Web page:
The Rise to the Top Interviews Ryan Holiday

I’d been writing a screenplay and used Ryan’s book as a reference. Then I saw that David Siteman Garland had interviewed Ryan a while back and immediately downloaded the audio.  The Rise to the Top Interview with Ryan Holiday covers Ryan’s book, TRUST ME, I’M LYING: CONFESSIONS OF A MEDIA MANIPULATOR (DSG’s affiliate link). I read the book when it first came out in July 2012) and watched Ryan speak at a signing at the Book Soup book store in West Hollywood.

Here’s the Interview

This interview serves as an excellent primer for Ryan’s book, which covers the techniques of the media strategist who’s worked with Tucker Max and American Apparel. For example, they talk about “moving up the chain” and that a blogger’s value comes from hitting quotas set for them. The book is marketed as a “how-to” in manipulating the media and defending yourself from manipulation, which I feel is a bit of a misrepresentation. The tactical analysis of Ryan’s methodologies aren’t very indepth, and I found a great deal of the latter half redundant.

This interview serves as an excellent primer for Ryan’s book, which covers the techniques of the media strategist who’s worked with Tucker Max and American Apparel. For example, they talk about “moving up the chain” and that a blogger’s value comes from hitting quotas set for them. The book is marketed as a “how-to” in manipulating the media and defending yourself from manipulation, which I feel is a bit of a misrepresentation. The tactical analysis of Ryan’s methodologies aren’t very indepth, and I found a great deal of the latter half redundant.

Nor is the interview (or book) something I’d prescribe as a “must listen to” in the self-development track.

However, if you’re interested in understanding the mechanics of blogging and how it’s changed today’s media, this is a worthwhile interview (and the book, a worthwhile read).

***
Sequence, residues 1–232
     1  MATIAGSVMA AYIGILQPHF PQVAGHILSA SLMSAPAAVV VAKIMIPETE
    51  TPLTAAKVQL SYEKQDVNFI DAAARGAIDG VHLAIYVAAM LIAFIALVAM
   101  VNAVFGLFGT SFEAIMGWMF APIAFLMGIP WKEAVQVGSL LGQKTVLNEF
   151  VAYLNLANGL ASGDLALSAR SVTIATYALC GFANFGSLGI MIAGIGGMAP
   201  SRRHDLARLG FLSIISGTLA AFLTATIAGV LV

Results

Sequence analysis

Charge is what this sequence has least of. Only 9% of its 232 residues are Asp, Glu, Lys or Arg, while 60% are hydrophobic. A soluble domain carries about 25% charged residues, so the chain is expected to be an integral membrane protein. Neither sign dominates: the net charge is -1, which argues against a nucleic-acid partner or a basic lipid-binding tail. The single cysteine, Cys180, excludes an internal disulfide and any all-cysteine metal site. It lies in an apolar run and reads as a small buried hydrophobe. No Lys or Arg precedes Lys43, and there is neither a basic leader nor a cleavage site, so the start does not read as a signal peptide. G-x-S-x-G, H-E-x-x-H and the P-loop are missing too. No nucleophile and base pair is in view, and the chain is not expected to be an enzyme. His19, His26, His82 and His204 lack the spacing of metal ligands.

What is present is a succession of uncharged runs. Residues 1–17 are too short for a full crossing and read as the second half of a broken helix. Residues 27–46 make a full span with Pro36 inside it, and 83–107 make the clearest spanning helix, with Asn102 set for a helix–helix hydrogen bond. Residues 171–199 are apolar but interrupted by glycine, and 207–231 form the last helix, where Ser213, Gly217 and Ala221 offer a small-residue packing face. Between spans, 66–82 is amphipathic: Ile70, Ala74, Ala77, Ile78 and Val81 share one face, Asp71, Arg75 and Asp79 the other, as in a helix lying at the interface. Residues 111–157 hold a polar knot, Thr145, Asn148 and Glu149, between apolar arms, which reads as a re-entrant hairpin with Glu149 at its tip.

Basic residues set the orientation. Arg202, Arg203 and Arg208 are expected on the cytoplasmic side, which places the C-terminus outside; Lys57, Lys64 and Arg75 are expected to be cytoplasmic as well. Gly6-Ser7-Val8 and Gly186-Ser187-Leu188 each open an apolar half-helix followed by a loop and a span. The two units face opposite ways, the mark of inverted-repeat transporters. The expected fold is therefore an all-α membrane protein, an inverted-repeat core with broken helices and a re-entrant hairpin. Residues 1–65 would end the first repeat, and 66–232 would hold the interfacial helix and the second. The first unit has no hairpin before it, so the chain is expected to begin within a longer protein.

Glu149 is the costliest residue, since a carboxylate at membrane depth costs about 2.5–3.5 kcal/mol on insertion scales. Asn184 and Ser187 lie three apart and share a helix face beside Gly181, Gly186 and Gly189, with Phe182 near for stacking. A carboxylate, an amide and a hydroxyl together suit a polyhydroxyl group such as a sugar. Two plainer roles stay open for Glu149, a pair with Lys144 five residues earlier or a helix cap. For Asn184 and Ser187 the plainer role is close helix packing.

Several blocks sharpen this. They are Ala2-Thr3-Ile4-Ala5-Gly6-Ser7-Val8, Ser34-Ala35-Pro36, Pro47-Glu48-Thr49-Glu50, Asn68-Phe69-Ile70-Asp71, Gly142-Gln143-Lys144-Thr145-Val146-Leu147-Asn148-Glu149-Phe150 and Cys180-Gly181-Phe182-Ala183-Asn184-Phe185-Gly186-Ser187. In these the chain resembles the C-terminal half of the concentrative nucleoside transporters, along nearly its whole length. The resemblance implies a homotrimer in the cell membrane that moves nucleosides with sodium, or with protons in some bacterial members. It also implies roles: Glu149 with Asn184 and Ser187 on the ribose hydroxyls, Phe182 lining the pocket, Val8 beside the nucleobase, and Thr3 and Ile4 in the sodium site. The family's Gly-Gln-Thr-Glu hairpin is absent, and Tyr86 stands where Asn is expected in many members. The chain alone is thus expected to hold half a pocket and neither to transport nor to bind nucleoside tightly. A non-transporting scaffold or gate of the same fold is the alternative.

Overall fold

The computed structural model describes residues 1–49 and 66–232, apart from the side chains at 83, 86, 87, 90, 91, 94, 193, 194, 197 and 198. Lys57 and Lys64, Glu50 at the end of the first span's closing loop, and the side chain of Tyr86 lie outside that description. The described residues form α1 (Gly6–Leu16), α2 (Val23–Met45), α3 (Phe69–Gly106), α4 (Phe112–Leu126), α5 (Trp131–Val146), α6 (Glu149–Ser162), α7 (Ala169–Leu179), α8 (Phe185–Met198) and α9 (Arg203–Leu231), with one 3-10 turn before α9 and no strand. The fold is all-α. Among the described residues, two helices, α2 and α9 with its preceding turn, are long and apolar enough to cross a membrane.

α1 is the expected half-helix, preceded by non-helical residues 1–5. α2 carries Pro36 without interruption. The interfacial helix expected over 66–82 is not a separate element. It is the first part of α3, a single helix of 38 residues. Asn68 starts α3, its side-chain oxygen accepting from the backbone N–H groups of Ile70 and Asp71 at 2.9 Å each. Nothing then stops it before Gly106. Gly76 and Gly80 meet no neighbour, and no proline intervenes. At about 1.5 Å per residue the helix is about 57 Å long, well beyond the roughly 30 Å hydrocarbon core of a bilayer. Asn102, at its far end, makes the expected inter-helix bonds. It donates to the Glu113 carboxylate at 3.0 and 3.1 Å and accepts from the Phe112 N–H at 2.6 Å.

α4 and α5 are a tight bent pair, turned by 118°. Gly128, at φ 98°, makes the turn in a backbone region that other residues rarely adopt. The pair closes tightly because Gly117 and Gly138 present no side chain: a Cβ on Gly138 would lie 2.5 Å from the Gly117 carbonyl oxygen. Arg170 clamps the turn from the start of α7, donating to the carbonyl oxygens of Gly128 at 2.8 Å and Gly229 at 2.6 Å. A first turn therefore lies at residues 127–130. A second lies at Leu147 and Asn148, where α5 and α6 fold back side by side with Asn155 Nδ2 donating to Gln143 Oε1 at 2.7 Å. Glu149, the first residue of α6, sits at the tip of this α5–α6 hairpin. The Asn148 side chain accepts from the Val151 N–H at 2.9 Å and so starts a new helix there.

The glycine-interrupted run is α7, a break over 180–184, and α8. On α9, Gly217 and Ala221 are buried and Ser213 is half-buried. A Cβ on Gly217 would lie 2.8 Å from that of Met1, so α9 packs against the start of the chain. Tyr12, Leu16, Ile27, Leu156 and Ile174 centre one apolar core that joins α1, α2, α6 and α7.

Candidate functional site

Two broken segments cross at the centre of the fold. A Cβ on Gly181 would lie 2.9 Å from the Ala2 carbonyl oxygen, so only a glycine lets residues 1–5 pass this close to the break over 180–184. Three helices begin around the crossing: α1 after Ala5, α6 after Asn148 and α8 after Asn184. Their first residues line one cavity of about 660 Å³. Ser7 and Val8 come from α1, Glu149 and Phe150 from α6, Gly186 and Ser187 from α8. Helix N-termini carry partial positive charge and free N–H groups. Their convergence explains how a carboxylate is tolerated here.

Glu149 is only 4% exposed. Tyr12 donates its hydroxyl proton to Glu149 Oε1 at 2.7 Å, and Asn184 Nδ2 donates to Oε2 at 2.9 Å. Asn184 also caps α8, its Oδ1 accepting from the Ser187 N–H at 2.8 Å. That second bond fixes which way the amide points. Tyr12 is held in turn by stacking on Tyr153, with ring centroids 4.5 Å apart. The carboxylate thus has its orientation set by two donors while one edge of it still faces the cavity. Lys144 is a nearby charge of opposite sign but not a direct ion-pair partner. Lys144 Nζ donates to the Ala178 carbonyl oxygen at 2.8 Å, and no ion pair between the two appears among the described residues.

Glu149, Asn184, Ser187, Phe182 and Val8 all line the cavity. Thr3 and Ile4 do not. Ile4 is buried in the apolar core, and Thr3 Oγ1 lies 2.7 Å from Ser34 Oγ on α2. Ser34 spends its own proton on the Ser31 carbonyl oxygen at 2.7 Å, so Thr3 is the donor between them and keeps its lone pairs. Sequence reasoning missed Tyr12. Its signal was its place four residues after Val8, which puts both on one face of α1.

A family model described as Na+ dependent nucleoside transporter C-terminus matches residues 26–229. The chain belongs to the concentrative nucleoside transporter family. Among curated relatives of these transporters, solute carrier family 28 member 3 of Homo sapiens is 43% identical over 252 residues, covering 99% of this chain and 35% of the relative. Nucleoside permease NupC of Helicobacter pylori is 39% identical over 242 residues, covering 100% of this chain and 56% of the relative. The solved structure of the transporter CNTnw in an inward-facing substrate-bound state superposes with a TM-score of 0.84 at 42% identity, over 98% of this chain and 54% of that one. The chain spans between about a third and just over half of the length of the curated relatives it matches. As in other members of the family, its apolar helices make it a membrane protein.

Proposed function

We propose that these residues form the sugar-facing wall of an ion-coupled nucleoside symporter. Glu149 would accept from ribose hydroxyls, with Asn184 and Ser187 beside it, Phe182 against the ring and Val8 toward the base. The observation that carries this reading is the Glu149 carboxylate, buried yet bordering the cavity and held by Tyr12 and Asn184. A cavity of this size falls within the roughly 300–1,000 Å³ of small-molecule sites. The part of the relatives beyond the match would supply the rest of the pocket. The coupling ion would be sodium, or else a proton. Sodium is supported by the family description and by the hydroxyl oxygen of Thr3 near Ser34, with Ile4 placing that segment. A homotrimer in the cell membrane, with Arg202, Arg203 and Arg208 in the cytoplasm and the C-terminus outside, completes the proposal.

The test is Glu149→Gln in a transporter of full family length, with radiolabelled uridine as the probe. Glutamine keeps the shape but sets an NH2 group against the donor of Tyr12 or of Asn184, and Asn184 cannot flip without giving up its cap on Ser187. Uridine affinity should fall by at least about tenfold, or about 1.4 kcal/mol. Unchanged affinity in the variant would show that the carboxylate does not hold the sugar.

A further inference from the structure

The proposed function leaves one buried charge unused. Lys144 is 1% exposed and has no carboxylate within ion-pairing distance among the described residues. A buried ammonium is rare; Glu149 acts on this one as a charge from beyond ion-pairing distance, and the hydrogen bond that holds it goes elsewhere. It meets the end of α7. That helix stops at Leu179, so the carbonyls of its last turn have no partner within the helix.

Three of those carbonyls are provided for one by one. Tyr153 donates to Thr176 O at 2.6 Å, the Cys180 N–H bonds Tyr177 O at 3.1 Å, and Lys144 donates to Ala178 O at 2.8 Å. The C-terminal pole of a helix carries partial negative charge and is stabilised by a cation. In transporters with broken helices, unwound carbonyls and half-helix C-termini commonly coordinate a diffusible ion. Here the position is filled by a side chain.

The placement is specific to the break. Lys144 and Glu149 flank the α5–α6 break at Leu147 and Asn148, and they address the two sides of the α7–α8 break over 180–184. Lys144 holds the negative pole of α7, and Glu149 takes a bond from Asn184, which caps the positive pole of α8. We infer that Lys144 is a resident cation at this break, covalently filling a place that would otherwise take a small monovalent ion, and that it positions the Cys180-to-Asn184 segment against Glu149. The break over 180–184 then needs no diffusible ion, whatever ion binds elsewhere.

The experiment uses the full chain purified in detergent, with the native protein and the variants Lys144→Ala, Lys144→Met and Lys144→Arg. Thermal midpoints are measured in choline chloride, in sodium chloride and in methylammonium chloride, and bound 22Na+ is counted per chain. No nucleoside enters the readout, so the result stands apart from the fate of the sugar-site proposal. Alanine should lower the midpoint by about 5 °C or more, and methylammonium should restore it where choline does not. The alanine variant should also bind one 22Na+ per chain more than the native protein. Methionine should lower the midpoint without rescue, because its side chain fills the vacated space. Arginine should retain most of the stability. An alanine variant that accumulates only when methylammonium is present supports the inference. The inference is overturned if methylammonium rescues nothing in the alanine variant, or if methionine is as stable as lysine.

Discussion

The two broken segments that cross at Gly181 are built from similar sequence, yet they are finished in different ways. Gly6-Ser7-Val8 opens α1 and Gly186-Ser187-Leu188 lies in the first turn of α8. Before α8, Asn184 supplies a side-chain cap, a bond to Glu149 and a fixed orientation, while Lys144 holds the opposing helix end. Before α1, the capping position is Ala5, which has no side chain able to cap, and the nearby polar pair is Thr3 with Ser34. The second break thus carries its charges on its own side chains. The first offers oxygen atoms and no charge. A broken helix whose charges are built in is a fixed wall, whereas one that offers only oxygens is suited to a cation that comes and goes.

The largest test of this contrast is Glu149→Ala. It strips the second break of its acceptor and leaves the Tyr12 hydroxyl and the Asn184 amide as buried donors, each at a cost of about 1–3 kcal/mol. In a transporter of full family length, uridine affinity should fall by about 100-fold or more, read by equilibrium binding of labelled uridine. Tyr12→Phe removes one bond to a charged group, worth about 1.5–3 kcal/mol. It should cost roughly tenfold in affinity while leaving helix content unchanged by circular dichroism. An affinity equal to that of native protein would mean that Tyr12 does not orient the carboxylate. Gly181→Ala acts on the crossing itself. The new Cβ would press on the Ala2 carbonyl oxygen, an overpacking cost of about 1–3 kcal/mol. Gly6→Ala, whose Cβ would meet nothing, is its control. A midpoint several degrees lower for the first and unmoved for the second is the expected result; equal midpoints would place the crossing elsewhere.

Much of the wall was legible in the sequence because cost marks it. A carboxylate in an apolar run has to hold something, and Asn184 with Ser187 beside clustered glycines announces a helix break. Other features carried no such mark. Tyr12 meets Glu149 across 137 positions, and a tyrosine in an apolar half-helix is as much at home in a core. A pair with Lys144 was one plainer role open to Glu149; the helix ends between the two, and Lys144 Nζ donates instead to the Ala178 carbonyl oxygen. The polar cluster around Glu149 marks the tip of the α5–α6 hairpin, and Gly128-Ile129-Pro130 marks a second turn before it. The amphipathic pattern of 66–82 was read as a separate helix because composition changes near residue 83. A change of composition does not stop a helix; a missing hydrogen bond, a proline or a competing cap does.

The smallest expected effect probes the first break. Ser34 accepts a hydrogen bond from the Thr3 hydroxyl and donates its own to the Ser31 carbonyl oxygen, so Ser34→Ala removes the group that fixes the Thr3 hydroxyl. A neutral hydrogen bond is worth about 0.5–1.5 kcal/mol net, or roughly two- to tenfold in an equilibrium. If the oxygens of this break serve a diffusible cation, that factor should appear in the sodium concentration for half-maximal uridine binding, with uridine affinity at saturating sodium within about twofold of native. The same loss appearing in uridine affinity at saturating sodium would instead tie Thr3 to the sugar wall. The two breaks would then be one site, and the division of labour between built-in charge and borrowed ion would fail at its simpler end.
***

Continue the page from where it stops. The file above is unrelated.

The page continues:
Ryan and David also shared a handful of nuggets about his work, which I’ve included below.

*I don’t guarantee these are word for word quotes. Consider them more like very accurate paraphrasing. Italics are my notes, bold is mine.*

07:30 – RH “I’m a big proponent of the vertically integrated model, that you don’t make a product, ship it, and then decide how you’re going to sell it. For me, how can I put things in the book that are going to make people talk about it. How can I create a cover that’s going to create a spectacle and generate attention. How can I reach out to my contacts and get a base going and gather momentum. For me, I saw this book as an opportunity to prove the things in this book.”

The vertical integration model Ryan discusses below is what Seth Godin has been saying for years — marketing isn’t what Mad Men. Marketing is the product.

09:23 – RH “I saw Tucker was working with other writers and authors, and I thought, ‘I’m not old enough yet, but I want to do that someday. I want to be one of those people. I decided I was going to meet Tucker, work with him, and learn from him. So I waited until I had my chance… I wrote an article about him, knowing that Tucker liked to post articles about him that he liked… We started a relationship from there, and as a 18-19 year old kid, I sent him every question that popped into my head.”

Ryan’s message here is that he used a Charlie Hoehn method to connect to Tucker Max. Ryan had a strategy that took in account what he wanted and how he was going to get it. It’s an example that demonstrates if you want something, you can get it — you’ll have to be intelligent, strategic, and genuine, but you can get it. (I realize I may have the causation mixed up, as Ryan probably contacted Tucker Max before Charlie worked for Ramit, but I’ve always thought of this as the Charlie Hoehn method, as publicized in his Recession Proof Graduate and Tim Ferriss’ post, 12 Lessons Learned While Marketing ‘The 4-Hour Body.”)

RH – “Dov Charney of American Apparel saw that all the money Nike was saving by using these child workers in Indonesia was going to endorsements and Lebron James and the New York Times stores. And he thought this was an inefficient model. Dov decided he wanted to pay his workers a fair wage, but he wouldn’t use these kind of endorsements. So the question became, how do we market this global brand on what is essentially a shoestring marketing budget?”

37:43 – DSG “The cover is badass.”

RH “I hate business book covers. I wanted an amazing book cover. The designer who did this is amazing. She did Tucker’s book covers, she read the book and loved it. She asked me if she could make the cover, and I told her ‘I would kill to have you do it.’”

The cover artist is Erin Tyler. She also designed many (most? all?) of the blogs on the now defunct Rudius Media websites. I interviewed her for a cover story on blogs-to-books when I was at Rutgers, and I remember her being very accessible and sweet. She used to blog at The Bunny Blog, and her design work can be found at Erin Tyler Design.

Photos Credit: timferriss

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